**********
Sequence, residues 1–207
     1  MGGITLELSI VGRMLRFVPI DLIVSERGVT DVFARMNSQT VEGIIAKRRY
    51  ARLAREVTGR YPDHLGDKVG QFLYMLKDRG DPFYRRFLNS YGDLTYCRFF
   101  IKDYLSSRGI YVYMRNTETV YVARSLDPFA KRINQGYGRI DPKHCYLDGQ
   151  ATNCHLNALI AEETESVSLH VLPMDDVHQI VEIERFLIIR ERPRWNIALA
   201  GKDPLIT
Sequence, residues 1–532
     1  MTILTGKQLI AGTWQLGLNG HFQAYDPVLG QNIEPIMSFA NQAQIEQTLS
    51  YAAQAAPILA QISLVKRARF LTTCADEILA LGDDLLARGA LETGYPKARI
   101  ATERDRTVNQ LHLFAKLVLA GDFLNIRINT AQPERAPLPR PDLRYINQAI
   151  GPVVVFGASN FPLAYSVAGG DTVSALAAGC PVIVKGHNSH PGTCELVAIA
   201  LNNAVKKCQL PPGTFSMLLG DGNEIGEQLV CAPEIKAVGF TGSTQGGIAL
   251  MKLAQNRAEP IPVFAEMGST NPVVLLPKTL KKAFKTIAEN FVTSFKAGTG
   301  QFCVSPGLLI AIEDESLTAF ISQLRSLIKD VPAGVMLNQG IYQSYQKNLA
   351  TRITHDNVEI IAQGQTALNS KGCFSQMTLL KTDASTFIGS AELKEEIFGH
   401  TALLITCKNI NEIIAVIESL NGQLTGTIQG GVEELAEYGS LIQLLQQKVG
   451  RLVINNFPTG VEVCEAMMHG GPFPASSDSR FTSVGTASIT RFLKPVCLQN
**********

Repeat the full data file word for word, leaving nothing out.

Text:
Sequence, residues 1–207
     1  MGGITLELSI VGRMLRFVPI DLIVSERGVT DVFARMNSQT VEGIIAKRRY
    51  ARLAREVTGR YPDHLGDKVG QFLYMLKDRG DPFYRRFLNS YGDLTYCRFF
   101  IKDYLSSRGI YVYMRNTETV YVARSLDPFA KRINQGYGRI DPKHCYLDGQ
   151  ATNCHLNALI AEETESVSLH VLPMDDVHQI VEIERFLIIR ERPRWNIALA
   201  GKDPLIT
Sequence, residues 1–532
     1  MTILTGKQLI AGTWQLGLNG HFQAYDPVLG QNIEPIMSFA NQAQIEQTLS
    51  YAAQAAPILA QISLVKRARF LTTCADEILA LGDDLLARGA LETGYPKARI
   101  ATERDRTVNQ LHLFAKLVLA GDFLNIRINT AQPERAPLPR PDLRYINQAI
   151  GPVVVFGASN FPLAYSVAGG DTVSALAAGC PVIVKGHNSH PGTCELVAIA
   201  LNNAVKKCQL PPGTFSMLLG DGNEIGEQLV CAPEIKAVGF TGSTQGGIAL
   251  MKLAQNRAEP IPVFAEMGST NPVVLLPKTL KKAFKTIAEN FVTSFKAGTG
   301  QFCVSPGLLI AIEDESLTAF ISQLRSLIKD VPAGVMLNQG IYQSYQKNLA
   351  TRITHDNVEI IAQGQTALNS KGCFSQMTLL KTDASTFIGS AELKEEIFGH
   401  TALLITCKNI NEIIAVIESL NGQLTGTIQG GVEELAEYGS LIQLLQQKVG
   451  RLVINNFPTG VEVCEAMMHG GPFPASSDSR FTSVGTASIT RFLKPVCLQN